Radical Feminism(185 Posts)
I see so many myths about radical feminism. So what does radical feminism mean to you?
I am someone who is aware that we live in a patriarchy, to the disadvantage of women - though ultimately not in anyone's interest - and saddened and angered by the oversexualisation of females in western culture. I've never actively campaigned or done any reading (unless you count signing and sharing e-petitions).
My (very limited understanding of rad fem) is that it involves actively rejecting gender stereotypes including personal grooming done by only women eg removing body hair, wearing ' women's' clothes associated with being sexually available eg high heels.etc.
Essentially to me, radical feminism is just a different way of achieving the same end. So as a liberal feminist, I believe you can work with the system instead of it needing to be dismantled.
On the more nuanced points of radical feminism, I agree with many of them but don't necessarily agree with how it's aims would be achieved.
Unfortunately radfem has been taken over by others, particularly MRAs to mean hard core, man hating nutters. Something that doesn't describe any of the radfems I know.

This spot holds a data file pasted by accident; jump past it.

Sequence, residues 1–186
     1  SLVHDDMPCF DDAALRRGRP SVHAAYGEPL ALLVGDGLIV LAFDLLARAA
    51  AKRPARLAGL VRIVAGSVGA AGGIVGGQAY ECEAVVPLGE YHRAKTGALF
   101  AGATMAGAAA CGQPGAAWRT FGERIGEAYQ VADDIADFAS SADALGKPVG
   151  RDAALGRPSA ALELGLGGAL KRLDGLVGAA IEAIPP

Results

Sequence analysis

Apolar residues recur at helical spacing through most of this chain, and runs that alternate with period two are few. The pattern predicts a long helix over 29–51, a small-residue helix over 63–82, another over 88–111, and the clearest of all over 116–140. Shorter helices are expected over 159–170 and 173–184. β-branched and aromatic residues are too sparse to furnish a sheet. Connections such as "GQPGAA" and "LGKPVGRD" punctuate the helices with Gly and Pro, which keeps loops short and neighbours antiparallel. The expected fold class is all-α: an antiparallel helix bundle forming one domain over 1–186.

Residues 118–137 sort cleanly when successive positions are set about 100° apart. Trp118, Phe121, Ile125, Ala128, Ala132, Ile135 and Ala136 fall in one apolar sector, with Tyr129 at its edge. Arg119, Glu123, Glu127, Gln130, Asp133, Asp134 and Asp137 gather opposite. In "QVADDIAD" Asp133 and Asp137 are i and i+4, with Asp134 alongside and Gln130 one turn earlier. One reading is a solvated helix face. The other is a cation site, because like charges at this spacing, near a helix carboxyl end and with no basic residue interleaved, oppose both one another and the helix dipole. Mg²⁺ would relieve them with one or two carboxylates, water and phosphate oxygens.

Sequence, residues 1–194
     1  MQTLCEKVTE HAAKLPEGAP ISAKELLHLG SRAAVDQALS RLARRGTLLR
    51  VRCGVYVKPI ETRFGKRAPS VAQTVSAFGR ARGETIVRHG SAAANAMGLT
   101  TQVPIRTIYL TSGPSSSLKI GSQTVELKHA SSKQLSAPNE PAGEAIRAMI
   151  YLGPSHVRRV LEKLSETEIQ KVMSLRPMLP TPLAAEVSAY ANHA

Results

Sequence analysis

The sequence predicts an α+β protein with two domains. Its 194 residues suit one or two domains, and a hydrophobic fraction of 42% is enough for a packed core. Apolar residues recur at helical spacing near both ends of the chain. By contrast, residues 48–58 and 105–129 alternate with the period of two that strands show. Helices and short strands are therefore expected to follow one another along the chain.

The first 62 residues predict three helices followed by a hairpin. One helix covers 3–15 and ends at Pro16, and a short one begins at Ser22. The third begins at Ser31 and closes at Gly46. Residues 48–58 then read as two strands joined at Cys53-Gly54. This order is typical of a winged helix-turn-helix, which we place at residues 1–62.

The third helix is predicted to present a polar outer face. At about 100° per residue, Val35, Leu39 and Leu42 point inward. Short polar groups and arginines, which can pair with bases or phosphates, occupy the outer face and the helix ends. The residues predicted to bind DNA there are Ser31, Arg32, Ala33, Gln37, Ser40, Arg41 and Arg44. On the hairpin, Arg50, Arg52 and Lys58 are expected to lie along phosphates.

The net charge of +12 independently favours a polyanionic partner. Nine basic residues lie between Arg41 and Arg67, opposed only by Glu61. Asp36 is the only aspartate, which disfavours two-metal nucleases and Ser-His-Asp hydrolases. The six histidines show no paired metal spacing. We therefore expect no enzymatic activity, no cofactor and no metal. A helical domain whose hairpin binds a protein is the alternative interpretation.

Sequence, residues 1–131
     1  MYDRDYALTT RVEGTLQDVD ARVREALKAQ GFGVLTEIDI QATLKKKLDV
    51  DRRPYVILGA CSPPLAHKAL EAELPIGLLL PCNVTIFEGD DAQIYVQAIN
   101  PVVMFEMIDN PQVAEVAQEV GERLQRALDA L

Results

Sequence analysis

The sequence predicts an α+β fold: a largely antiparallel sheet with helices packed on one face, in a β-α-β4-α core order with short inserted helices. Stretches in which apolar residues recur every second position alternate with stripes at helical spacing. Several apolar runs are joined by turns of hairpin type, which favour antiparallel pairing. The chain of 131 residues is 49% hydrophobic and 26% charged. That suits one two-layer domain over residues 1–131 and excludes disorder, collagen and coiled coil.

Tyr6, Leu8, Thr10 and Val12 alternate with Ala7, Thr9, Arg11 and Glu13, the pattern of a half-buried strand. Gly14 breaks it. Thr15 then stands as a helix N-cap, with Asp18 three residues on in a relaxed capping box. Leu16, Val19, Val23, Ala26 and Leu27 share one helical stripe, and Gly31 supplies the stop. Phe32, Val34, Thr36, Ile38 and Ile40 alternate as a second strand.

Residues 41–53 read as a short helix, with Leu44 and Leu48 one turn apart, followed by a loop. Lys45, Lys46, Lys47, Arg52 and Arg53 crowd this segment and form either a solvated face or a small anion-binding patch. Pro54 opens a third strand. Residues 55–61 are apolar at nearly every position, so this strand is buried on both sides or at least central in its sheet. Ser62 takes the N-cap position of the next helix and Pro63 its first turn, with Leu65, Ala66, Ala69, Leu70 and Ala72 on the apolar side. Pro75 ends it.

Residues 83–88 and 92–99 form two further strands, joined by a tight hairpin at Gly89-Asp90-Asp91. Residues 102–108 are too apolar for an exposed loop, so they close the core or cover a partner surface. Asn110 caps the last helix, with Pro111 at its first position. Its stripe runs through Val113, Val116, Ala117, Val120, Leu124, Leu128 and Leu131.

My understanding of rad fem is that it's the active side of feminist thinking. So setting up DV shelters, campaigning against prostitution and for female reproductive rights, against fgm etc. ["campaigning against fgm" just autocorrected to "campaigning against fun")
Not sure it has anything to do with shaving your pits chocoluvva
As far as I know it's more focussed on taking apart the patriachy and rebuilding from scratch, rather than adjusting the current system.
So based on that I wouldn't define myself as radfem as I feel that the aim is a little too out of reach.
They also eat baby boys which I think is a step a little too far. Us liberals feminists just humiliate and emasculate them
Yes, 'radical' comes from 'root' so it's about analysing/changing society from its foundations.
There are lots of non-radical feminists who do great campaigning and activist work, Bunnylion. Though radical feminists generally oppose prostitution in all its forms, whereas liberal feminists don't always.
Radical feminists tend to focus on violence against women as the most crucial feminist issue and very aware of the structural prejudice against women that still exists in society; whereas liberal feminists were traditionally focused on the law and so many of their demands were granted in the 1970s with the Equal Pay Act etc.
Radical feminists mostly argue that gender roles are imposed by society, and are therefore less likely to follow culturally imposed grooming expectations... but I have never known any rad fems who do shave their armpits get a hard time for it! (Though anyone turning up at a rad fem event in TOWIE get-up might feel rather out of place.)